With endless numbers of fad or fertility diets out there, it’s hard to really know what we “should” be eating these days. This can be especially true for women who are trying to get pregnant and simply want to know how to best support their bodies in conceiving and carrying a healthy baby to term.
Wherever you are in your fertility journey, committing to a nourishing, whole foods diet can be an empowering way to take charge of your health during what can often become a stressful time filled with uncertainties. Here are a few simple ways to begin shifting your diet towards one that will support optimal egg quality and help balance your hormone levels.
First, the elephant in the room, or in the pantry: SUGAR.
When ingested, sugar creates free radicals, causing inflammation and contributing to the hardening of the cells in your body, including your follicles (immature eggs).
Start to cut down on sugar by limiting your intake of processed sugars- high fructose corn syrup, cane sugar, and other “white” foods- white bread, white rice, and pasta.
Just the simple act of reading labels at the grocery store can help you avoid hidden sources of sugar; common foods that you may not think contain sugar are prepared pasta sauces, crackers, flavored yogurts, nut butters, and salad dressings.
And don’t forget, there is a lot of sugar in alcohol drinks!
As you become more aware of your sugar intake, you can begin to think about how your overall blood sugar levels are being affected by what you eat.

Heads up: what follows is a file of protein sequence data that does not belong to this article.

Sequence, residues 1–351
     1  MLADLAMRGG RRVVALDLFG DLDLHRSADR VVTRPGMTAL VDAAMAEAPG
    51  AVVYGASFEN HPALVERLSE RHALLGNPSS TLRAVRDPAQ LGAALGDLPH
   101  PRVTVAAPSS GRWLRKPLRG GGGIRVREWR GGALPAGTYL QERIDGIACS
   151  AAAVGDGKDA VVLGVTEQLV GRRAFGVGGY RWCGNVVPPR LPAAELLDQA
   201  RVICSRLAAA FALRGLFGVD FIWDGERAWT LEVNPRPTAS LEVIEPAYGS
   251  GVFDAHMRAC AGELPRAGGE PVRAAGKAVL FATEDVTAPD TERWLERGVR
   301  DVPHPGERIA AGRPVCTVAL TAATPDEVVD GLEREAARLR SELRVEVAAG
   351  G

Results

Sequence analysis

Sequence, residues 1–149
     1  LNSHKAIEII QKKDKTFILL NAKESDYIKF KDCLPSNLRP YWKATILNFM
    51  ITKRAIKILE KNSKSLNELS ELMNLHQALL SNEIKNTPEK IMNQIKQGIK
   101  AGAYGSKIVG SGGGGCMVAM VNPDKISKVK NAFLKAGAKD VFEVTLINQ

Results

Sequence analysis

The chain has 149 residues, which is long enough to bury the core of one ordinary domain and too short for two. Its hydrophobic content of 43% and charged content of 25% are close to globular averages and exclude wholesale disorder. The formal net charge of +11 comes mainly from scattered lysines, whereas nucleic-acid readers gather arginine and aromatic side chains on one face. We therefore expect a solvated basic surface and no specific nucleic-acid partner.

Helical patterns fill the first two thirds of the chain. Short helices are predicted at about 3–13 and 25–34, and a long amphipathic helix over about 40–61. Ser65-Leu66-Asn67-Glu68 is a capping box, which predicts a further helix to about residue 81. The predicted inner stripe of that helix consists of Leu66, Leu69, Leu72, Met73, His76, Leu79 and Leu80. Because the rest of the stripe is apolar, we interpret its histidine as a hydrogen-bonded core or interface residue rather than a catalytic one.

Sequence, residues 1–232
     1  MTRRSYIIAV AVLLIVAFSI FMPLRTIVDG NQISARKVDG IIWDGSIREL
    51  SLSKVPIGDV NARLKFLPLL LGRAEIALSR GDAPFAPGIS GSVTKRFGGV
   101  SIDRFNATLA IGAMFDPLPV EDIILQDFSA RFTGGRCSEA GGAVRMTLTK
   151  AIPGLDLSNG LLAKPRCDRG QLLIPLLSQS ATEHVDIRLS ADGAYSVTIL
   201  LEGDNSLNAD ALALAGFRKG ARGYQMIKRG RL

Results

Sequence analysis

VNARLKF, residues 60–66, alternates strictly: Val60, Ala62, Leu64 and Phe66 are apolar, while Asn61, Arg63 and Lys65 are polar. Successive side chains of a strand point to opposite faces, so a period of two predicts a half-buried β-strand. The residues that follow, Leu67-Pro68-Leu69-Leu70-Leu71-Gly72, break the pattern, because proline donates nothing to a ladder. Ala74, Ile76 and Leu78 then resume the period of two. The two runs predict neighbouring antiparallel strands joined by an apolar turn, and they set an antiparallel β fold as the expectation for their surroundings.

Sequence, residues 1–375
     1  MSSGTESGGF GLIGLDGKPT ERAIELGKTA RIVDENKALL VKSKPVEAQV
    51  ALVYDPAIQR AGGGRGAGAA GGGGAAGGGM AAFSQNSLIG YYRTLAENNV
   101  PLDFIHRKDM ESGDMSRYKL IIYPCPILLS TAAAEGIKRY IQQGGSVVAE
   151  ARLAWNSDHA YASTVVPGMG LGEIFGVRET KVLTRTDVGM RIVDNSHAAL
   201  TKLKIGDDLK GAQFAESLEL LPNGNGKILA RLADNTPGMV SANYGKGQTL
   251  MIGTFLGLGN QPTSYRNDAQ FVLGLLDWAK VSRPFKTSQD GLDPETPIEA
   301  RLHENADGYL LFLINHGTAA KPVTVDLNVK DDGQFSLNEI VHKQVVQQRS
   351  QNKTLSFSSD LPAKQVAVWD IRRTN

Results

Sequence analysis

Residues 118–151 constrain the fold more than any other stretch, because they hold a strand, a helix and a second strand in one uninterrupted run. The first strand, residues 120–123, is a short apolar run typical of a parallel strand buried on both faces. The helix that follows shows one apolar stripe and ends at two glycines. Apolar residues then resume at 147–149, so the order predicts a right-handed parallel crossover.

Blood sugar levels rise when we consume any type of carbohydrates because they break down into glucose when they are digested. Glucose provides needed energy to our cells, but it’s very important to avoid drastic spikes in our blood sugar levels throughout the day.
The presence of glucose in the blood stimulates the release of insulin, a hormone that triggers the cells to absorb glucose. When insulin is spiking and crashing constantly throughout the day, cortisol, a stress hormone released by your adrenal glands, gets involved to help your body regulate your blood sugar levels.
The negative effects of adrenal over stimulation are many: brain fog, fatigue, sleep issues, inability to lose weight. Because our adrenals glands also release sex hormones, our fertility can be negatively impacted by blood sugar levels that roller coaster up and down.
Keep your blood sugar stable throughout the day:
- Eat breakfast every morning, preferably one heavy on healthy fats and protein, and light on carbs.
- Try to limit carbohydrate servings to one per meal. Let vegetables be a vehicle for tasty sauces or spreads instead of processed grains. Try zucchini noodles with sauce instead of pasta, carrots or bell pepper with hummus instead of crackers, or try your hand at a cauliflower rice pilaf instead of a side of rice or potatoes.
- Make sure snacks and desserts have a good source of protein or fat. For example, pair apple slices with some nut butter for a snack, or blend up coconut milk, chia seeds, and berries for a sweet treat.